If police in the U.S. have become robocops, whose fault is that?
reply to my “Exchange with a black reader,”
our Canadian leftist commenter Ken Hechtman went beyond the question of supposed police mistreatment of blacks and raised a new point about the relation of police to society generally. He argued that police now have an adversarial stance toward everyone, not just to blacks. Hannon and Philip M. have replied, and, since it’s a new topic, I’m putting the comments in a new thread.
Ken Hechtman wrote:
“My point is that the police see almost all civilians, regardless of race, in a much more adversarial way than they used to, they expect a lot more deference and compliance than they used to and they’re a lot quicker to go Rambo when they don’t get it.”
Mr. Hechtman would know much better than me, but I think he’s right. I presume this is a training strategy to send a signal that says “You need to take this as seriously as I do. I represent authority at this place and time.” This stance will naturally clash with any angry or contemptuous or drug-polluted personality. But the police profession also tends to attract those who identify with figures of authority and there is always the risk of authoritarianism.
I remember once I was pulled over at night in a small burg near Los Angeles for having green-tinted headlights. I had just bought the vehicle and was not the installer. The officer was civil, even polite, but also stern and serious in lecturing me about the local ordinance against tinted headlights. Serious to a ridiculous degree. I wish I had a witness with me because when I asked him why the fuss over colored lights he said that in the event of me (my vehicle) being present at a crime scene they would want accurate, colorless light. I didn’t think to blurt out “Say what??” but he did say that and I was floored.
So does Mr. Hechtman envision a sort of Robocop future at some point? Where does the escalation end? What comes to mind is that the more we rely on police to maintain the peace and livability of our communities, things will only get worse. We hand over the worst social problems to them, in much the same manner as we hand over responsibility for a hundred more things that have been consigned to government oversight.
Philip M. writes from England:
Much as I find Ken an agreeable and thoughtful person, I find his comments about the state of American policing very irritating. Ken says:
“My point is that the police see almost all civilians, regardless of race, in a much more adversarial way than they used to, they expect a lot more deference and compliance than they used to and they’re a lot quicker to go Rambo when they don’t get it. In other words, they treat almost everyone the way they used to treat blacks. So if you’re black and it feels like nothing’s changed, your encounters with the police are just as arbitrary and demeaning as ever, you’re probably right. If you think it’s just you, you’re probably wrong.”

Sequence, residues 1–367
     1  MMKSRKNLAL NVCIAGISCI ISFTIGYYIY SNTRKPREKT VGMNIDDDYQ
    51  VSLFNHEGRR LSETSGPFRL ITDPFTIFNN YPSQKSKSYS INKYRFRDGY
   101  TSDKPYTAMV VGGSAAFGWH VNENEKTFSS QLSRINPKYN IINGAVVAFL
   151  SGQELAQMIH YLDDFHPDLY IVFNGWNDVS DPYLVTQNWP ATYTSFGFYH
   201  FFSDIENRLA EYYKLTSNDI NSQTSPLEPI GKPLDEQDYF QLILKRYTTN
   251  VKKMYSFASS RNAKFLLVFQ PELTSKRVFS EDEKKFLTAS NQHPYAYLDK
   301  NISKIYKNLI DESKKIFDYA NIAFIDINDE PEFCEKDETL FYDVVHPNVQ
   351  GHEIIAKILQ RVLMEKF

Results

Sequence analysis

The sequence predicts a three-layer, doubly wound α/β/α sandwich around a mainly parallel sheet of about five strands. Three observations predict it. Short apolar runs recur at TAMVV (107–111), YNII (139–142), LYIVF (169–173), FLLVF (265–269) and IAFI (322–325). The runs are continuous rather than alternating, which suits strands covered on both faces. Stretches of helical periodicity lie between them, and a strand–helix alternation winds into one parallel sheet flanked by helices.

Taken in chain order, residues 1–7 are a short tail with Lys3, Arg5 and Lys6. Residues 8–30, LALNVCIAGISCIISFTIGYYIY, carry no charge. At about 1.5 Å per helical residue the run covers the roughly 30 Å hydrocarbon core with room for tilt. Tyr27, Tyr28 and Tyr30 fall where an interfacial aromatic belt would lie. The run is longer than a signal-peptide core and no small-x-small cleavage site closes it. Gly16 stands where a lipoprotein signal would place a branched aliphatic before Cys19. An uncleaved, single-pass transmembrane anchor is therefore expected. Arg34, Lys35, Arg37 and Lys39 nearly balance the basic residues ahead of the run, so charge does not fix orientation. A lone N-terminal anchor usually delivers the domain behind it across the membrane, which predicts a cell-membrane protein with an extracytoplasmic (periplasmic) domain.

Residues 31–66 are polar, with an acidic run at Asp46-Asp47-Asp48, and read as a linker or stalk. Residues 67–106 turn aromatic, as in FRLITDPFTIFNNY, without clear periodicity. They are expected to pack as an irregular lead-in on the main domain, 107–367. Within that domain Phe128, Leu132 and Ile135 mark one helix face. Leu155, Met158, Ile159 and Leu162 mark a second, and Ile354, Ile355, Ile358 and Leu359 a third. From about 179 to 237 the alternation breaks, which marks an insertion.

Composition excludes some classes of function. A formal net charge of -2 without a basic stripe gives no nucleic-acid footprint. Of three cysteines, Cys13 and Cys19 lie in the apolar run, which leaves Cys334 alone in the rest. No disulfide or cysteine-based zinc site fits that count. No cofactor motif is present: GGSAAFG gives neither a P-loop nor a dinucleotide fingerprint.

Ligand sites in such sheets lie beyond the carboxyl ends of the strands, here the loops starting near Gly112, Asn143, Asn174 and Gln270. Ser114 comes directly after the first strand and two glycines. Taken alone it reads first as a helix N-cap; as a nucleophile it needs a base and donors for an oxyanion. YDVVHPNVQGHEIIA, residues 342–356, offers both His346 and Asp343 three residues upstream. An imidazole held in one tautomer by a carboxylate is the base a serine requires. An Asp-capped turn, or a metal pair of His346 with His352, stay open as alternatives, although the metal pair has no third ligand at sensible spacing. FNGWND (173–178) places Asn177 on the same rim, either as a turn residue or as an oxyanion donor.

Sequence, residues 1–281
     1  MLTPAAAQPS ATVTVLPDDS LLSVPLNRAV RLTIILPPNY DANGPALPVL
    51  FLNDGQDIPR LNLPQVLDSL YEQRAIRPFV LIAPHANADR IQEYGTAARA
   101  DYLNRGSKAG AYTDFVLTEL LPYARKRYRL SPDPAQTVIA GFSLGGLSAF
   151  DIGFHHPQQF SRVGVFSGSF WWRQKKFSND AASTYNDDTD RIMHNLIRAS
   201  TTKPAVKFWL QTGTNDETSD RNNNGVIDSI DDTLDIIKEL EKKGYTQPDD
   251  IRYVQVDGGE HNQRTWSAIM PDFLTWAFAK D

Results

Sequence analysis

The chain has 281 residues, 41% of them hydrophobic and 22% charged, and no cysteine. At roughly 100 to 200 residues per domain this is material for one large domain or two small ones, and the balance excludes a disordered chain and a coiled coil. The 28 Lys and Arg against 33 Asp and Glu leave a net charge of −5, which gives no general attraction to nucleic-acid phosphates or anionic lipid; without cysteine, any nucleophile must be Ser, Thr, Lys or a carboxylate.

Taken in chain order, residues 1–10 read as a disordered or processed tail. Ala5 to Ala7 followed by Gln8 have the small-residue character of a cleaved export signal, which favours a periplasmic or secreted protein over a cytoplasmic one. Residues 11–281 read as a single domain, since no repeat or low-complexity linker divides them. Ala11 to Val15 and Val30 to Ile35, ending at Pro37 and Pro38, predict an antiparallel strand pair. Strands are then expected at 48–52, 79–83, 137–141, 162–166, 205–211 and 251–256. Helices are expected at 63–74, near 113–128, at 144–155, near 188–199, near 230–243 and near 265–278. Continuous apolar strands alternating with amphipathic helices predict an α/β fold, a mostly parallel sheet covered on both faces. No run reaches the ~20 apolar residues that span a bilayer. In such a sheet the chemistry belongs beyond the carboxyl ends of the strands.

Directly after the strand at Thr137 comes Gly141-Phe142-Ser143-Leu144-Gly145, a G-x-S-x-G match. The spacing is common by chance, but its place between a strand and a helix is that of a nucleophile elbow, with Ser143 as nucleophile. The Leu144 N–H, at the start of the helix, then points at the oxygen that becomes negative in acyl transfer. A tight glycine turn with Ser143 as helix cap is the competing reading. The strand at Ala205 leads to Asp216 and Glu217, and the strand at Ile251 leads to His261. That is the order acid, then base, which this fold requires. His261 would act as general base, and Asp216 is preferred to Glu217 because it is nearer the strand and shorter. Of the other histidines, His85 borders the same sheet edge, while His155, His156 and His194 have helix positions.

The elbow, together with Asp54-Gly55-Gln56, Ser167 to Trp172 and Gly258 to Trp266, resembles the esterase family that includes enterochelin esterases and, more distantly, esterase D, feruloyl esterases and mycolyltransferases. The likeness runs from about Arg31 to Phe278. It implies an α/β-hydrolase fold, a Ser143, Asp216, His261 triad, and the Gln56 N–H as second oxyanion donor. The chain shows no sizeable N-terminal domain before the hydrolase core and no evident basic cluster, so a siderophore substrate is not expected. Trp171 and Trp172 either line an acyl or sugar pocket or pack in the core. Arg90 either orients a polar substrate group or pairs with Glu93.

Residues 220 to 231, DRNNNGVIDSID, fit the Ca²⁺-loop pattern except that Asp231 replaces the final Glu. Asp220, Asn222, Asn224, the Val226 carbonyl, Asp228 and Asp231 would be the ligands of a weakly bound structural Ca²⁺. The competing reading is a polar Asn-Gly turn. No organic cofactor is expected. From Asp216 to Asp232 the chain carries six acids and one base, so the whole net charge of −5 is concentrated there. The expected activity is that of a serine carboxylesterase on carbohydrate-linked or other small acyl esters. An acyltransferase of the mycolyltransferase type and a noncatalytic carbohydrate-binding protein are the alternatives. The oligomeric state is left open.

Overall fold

Ken, mate, you wanted a society where people challenged authority, you wanted a society in which unrepressed individuals gave vent to their true feelings, people who would not be told what to do: and now you have it. If people will not restrain their own behaviour in a mature, adult way it is inevitable that the police will be forced to use ever more repressive measures to enforce a civility that used to be given freely. This willing consent to good behaviour is the cornerstone of Western civilisation. It is what distinguished us from the Communist Chinese and the Arabic Mohammedans. It is what being a citizen in a society where the government think highly of the governed is all about. The State no longer trusts our judgment Ken. Why?
These are not “fascist” police. You can’t pin this one on Mussolini, Ken. I won’t let you get away with it. Newsflash, Ken: the culture wars are over. [LA adds: as Mr. Hechtman boasted himself last September regarding the conservatives’ championing of the Bristol Palin situation, meaning that the conservatives had become life-style liberals.] You won. I have always accused those on the left of avoiding responsibility, Ken. Please prove me wrong. You have created a society in your image. Accept this fact. Even the redneck white policemen are lecturing in diversity politics these days, Kenneth. People like you have controlled the West for forty-odd years. Don’t pretend that there are shadowy cabals of racist WASP fascist-Republicans that are like, acting like real Nazis, man, because everyone on this site has his eyes open and will not believe you. You won, Ken. Congratulations. Your ideological fellow-travelers have reduced conservatism to a neutered, powerless rump, yet you come complaining to us about the society YOU have created. I think this is because you know that conservatives are the only people who would truly care, as opposed to feigning concern as a way to get laid. And about this, you are right. But at least when the Nazis pursued a scorched-earth policy they didn’t have the nerve to come weeping to Ukrainian peasants about how ugly the countryside looks these days.